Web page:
There are punk rock elitists and purists, like what you said…it’s tough because you’ve got some great bands that refuse to mold to the way the system is now, and they go down the toilet because they get overshadowed by the next type of pop-salesman or something. We’re getting mad philosophical now, aren’t we?
Angie: We are!
Manny: We are. Hey! You haven’t asked me mundane questions, which is good. Most of the time, you get…boring questions.
Angie: [Smiles]. Thank you, Manny. That’s good to hear. You certainly haven’t given any boring answers.
Are there any issues, political, social or otherwise, that are dear to the heart of your band?
Manny: Things that are dear to our band?….It’s money, honestly. We think that money is evil. We think that if we got rid of money and became a resource-based economy, worldwide, that things would be great. And I think through technology, once we do reach that singularity, because knowledge is exponential, obviously… We’re at the precipice of it now, where it’s just going to boom. Once that happens, I think the world will be a better place. People kill for money, people starve because of money. Why? Why should that happen? It’s sad.
…There’s a guy called Jacque Fresco; he’s out of Florida, and he’s putting together a thing called Venus Project [see thevenusproject.com] . He’s basically going to build a resource based economic society. And he’s going build it in New Zealand. The man’s a genius…. This guy invented 3D cinema [bare-eye 3D cinematic projection methods] 30 years ago. The reason why he couldn’t do it was he needed more money, and Panavision wouldn’t give it to him. This is a guy that’s trying to do some good things that are getting overshadowed by big, bad capitalist business. That’s something that’s dear to my heart. But we could talk about this all day. [laughs]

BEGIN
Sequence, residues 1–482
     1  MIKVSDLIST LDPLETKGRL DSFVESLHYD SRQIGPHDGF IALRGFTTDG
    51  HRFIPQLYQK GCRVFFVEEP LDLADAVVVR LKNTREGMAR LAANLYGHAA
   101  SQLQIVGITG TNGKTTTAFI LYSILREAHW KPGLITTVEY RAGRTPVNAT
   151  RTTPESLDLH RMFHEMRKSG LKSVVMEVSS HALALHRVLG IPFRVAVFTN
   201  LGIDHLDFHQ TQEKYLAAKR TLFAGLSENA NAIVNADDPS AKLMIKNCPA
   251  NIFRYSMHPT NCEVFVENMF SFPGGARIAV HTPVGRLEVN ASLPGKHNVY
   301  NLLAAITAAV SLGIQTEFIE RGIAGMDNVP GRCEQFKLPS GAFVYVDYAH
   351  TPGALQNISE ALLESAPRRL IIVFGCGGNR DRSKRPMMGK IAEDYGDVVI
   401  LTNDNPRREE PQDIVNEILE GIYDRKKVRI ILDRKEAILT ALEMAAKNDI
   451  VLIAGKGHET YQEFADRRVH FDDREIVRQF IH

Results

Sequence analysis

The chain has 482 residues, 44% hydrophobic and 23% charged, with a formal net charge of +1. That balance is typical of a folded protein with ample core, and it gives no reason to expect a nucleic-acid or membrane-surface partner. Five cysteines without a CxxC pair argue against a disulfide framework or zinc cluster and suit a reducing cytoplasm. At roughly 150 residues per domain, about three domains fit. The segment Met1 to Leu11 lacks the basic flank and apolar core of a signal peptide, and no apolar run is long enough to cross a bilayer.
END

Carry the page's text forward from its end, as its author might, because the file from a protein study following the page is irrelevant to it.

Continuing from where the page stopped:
To say something in terms of being on Warped Tour, I’d say, “Support your bands”. Go out to shows. And think, you know what I mean?…don’t get music just shoved down your throat. Think about if you like it . If it moves you some way, help them out.
Angie: On a lighter note, when you’re not playing music, what are some non-musical things you enjoy doing?
Manny: Besides hanging out with friends and family that I don’t get to see on tour, I like rock climbing; I’ve been getting into rock climbing lately. We’re all fairly large video game nerds.
Angie: Do musicians play Guitar Hero?
Manny: I do, and I suck at it. I can’t believe it, man. I’m so bad at it. I can play some songs at expert but then I’ll be at my friends house and his little cousin comes over and just shreds DragonForce on expert in front of me. And he’s just looking at me while he does it, and I’m like, “Learn a real guitar, man”. If you invested the time you put into this [Guitar Hero] into that [real guitar] you could create something amazing, as opposed to playing dots on a screen. It’s still fun, though, don’t get me wrong.
We all just hang out…try to keep it real. Touring life is really different from normal life. Your days blur together. Like I have no idea what day it is right now. What is this now, Sunday… Monday? It’s just a surreal way to live life. And it’s very cool.